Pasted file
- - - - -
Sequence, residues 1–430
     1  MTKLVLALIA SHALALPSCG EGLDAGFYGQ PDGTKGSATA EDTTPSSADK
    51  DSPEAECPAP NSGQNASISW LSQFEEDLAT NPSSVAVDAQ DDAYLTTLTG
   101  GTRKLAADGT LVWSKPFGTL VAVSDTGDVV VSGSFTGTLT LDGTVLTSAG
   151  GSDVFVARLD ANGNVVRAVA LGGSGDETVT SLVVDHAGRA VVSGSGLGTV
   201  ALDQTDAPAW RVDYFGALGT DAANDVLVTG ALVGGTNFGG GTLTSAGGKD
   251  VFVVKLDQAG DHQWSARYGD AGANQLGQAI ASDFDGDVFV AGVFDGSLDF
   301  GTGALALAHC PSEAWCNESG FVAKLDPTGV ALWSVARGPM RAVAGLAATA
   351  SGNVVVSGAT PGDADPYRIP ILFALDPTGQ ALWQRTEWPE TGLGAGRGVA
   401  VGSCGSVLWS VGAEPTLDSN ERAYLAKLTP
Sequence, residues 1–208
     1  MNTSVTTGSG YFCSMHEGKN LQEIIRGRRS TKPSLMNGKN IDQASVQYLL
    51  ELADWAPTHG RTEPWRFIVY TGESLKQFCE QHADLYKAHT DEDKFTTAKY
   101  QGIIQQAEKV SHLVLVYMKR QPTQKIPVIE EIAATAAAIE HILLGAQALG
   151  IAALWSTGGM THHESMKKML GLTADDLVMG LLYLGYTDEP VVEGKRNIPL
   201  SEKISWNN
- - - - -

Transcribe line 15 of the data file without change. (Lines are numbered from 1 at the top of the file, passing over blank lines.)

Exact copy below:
   151  IAALWSTGGM THHESMKKML GLTADDLVMG LLYLGYTDEP VVEGKRNIPL